This is my first and likely my last pallet project. Yes, you heard that right. And it’s not because this project was a complete failure. No–I had that first sentence written before my planter fell apart. But I should have trusted my gut from the start and not done a pallet project.
But aren’t all DIY bloggers crazy about pallets? Many are, either because they love the “rustic farmhouse” look of them or because they are free wood. I decided to try my hand at a pallet project because of the latter.
“Free” has my name written all over it, but “rustic farmhouse” does not. I live in an apartment in the city, and our apartment is way more “secondhand Ikea chic” than “rustic farmhouse.” But I’ve been working on getting my balcony garden up and running and didn’t want to drop a ton of cash on planters, so I thought pallet wood would be perfect.
But perfect this planter was not. Since pallets come in all different sizes, shapes, and qualities, you don’t really know what you’re going to get. Even though I picked the nicest looking of the three pallets I got my hands on, the boards were still a B to work with. The wood was very misshapen, which is to be expected, but I’m talking some hardcore cupping and waving.
That said, I was still happy with the outcome until I woke up one morning to find THIS:
NOOOOO. Super pissed.
But instead of scrapping this post, I decided to still share it. Because I think that DIY bloggers need to be more realistic and share some of their failures. I don’t succeed at every project, but every project is a learning experience, and I hope you walk away from this post having learned something.
Here’s what I used for my sad failed planter:
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- 1 pallet with wide panels
- Sawzall to deconstruct the pallet and to cut the wood to size
- Liquid Nails Heavy Duty Construction Adhesive and nail gun
- Assorted sandpaper
- Work gloves, pencil, measuring tape, clamps
- HGTV HOME by Sherwin-Williams Laid-Back Beige paint (here)
- Drill and drill bit to make holes for drainage
This looks like a pretty solid materials list, right? So what went wrong? Let’s consider.
(Remember to wear a mask and eye protection while sanding and working with wood, and wear an appropriate mask while working with paints, stains, and finishes. Follow the directions and warnings from your particular brand. Do not use any tools without proper training, precautions, and supervision.)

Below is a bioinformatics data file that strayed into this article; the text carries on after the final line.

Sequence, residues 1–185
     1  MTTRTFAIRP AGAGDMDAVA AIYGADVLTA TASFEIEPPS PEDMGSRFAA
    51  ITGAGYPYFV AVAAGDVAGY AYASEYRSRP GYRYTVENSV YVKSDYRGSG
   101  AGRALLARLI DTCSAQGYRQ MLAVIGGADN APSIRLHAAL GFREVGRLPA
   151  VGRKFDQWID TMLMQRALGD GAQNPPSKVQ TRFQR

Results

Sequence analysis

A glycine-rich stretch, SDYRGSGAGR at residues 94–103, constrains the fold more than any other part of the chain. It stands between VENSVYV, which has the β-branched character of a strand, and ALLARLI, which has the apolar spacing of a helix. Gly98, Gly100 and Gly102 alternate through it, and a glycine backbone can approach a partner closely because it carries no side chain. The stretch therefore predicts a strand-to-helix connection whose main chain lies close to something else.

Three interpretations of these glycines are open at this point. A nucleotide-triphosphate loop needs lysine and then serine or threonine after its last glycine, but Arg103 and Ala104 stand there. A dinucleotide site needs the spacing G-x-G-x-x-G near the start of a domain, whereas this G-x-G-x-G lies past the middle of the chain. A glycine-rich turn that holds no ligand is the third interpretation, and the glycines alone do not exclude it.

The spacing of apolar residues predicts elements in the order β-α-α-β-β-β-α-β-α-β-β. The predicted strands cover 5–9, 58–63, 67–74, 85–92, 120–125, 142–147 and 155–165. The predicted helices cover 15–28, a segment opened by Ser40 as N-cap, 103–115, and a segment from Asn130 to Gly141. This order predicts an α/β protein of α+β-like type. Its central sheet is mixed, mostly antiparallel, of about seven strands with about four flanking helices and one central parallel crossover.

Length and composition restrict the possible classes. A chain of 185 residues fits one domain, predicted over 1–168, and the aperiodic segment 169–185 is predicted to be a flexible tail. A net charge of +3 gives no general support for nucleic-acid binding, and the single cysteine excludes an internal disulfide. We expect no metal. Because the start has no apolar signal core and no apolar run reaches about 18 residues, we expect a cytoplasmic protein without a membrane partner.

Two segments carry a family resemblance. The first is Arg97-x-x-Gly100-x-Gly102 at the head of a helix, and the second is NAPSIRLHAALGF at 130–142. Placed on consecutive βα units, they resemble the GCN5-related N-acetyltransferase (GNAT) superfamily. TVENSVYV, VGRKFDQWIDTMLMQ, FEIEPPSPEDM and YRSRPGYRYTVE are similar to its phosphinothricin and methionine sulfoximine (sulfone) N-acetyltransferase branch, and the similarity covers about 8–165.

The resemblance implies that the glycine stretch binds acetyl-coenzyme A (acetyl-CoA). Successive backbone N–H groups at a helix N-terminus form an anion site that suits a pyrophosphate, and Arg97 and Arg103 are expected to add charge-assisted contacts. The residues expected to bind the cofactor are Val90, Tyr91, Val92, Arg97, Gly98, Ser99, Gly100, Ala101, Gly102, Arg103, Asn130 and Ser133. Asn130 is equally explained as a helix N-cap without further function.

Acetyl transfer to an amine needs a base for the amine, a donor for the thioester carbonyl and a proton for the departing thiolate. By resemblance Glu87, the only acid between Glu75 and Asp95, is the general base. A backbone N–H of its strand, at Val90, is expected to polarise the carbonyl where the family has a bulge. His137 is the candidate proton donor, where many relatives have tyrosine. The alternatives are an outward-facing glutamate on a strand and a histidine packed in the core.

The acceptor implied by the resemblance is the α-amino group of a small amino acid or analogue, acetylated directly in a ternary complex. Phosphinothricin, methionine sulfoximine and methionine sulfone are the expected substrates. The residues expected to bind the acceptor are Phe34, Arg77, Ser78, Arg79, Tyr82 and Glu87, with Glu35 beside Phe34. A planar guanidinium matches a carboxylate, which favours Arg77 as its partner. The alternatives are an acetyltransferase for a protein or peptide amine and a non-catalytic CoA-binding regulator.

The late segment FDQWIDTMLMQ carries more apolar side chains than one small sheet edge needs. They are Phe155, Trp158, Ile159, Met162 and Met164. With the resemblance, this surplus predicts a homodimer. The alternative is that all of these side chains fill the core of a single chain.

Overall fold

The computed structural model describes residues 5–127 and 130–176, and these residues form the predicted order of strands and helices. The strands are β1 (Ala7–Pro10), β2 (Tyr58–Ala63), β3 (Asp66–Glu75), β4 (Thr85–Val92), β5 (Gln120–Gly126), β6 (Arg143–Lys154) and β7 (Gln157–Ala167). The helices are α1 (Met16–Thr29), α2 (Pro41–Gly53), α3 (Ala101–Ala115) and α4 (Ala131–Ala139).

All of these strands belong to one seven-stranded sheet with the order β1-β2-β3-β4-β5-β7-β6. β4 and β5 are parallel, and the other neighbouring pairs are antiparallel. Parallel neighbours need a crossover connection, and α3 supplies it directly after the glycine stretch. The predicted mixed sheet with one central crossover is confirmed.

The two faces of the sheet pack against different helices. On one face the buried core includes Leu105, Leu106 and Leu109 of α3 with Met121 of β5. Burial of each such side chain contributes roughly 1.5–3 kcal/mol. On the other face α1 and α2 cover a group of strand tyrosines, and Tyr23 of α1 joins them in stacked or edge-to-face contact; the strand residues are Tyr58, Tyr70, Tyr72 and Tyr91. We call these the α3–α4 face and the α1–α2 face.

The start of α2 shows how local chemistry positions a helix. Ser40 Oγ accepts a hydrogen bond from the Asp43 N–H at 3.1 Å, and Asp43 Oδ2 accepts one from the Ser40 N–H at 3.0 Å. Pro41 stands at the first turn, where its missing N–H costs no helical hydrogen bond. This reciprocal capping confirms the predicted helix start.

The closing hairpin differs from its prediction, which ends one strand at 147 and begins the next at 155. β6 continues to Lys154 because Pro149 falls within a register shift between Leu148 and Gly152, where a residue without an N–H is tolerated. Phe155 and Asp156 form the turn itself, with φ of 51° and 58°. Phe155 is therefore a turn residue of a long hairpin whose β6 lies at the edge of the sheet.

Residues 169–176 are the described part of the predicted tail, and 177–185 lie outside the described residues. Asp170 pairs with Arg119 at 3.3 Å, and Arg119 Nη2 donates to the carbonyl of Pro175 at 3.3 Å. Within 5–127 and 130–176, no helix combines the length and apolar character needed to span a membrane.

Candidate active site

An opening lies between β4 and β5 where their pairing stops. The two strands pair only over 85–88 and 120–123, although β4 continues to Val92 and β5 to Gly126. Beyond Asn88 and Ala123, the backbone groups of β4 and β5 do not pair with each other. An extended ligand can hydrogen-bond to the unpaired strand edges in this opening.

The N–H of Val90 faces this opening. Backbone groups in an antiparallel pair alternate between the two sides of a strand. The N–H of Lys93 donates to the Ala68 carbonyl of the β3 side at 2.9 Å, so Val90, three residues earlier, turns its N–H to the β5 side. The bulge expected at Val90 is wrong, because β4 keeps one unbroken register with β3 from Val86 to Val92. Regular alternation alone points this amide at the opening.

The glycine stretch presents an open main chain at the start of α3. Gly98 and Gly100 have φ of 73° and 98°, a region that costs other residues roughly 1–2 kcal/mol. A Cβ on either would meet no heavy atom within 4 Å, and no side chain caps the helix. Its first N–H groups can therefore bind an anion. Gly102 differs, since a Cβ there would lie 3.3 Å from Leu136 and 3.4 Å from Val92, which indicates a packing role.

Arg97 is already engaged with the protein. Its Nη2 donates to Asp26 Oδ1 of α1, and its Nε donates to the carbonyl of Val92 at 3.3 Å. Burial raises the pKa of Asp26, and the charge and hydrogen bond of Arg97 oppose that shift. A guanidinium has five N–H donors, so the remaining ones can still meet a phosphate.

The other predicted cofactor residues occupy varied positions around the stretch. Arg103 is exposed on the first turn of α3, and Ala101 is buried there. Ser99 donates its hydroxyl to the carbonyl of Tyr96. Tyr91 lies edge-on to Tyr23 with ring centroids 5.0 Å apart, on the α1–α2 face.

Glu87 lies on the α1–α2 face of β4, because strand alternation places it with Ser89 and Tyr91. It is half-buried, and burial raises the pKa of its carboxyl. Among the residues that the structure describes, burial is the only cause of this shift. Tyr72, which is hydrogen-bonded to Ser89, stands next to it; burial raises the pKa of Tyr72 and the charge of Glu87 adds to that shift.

Step 1: Break down the pallet. We used a sawzall. Well, my dad did. Honestly, I’m not even going to provide a tutorial on this. Here is a video I referenced from Simeon Hendrix.
Step 2: Measure. Since my pallet boards were wide, I used one for the bottom and two for the sides. I cut off the ragged, nail-covered ends and then cut the boards to size, about 43″ long. I also cut two 7″ pieces to cap the ends. Looking back, maybe I should have doubled up on the boards?
Step 3: Sand. Very thoroughly! It really helped to clean them up. Check out the photo below…the middle board is sanded, and the other two are not.
Step 4: Attach sides to the base. First we attached one side to the bottom by squirting a line of Liquid Nails along the edge of one piece and then using the nail gun to nail the pieces together. Then we repeated this process for the other side.
The pieces were too thin for screws, and we knew that the nails wouldn’t be enough to hold everything together, so that’s why we used the Liquid Nails to help reinforce everything. I think that this planter would have stayed together had the pieces been thick enough to use screws.
Also, the wood was really wonky, so we used clamps to pull the pieces together after we applied the glue. Wood doesn’t like to be told what to do, so that probably added to the pressure that ultimately made the ends pop off.
Even though our measurements were spot on, the wood was so warped that it was also cupping inward pretty severely. That meant that our end cap pieces wouldn’t line up. My dad had the great idea to cut a block of scrap wood to wedge between the two edges, which would pry them out a bit while the glue dried and make them line up better with the end caps.
Check it out:
Step 5: The block of scrap wood helped, so I glued and nailed on one end cap. We still had to use a clamp to help lines things up while the glue dried.
The next day, I glued the other end cap on without clamps, drilled a few holes in the bottom for drainage, and gave it two coats of paint.
Everything looked lovely for a few days…
…but the planter ultimately because unusable. The end caps were the weakest pieces. The planter was super sturdy until I filled it up with wet soil, which I think just created too much pressure on the flimsy little boards and weak nails. Also, since the wood was so deformed and difficult to line up, it was probably happy to pop those end caps right off and go where it wanted!
I hope you have better luck if you’re making a pallet planter! Remember, nails and glue probably won’t do as good of a job as screws. Look for pallets with thicker boards that will be able to handle screws. And for the love of God, don’t feel pressured to jump on the pallet bandwagon if you don’t want to! If I ever say I am doing another pallet project, kindly refer me to this post for some soul searching. I have a hard time turning down free wood and might need a reminder.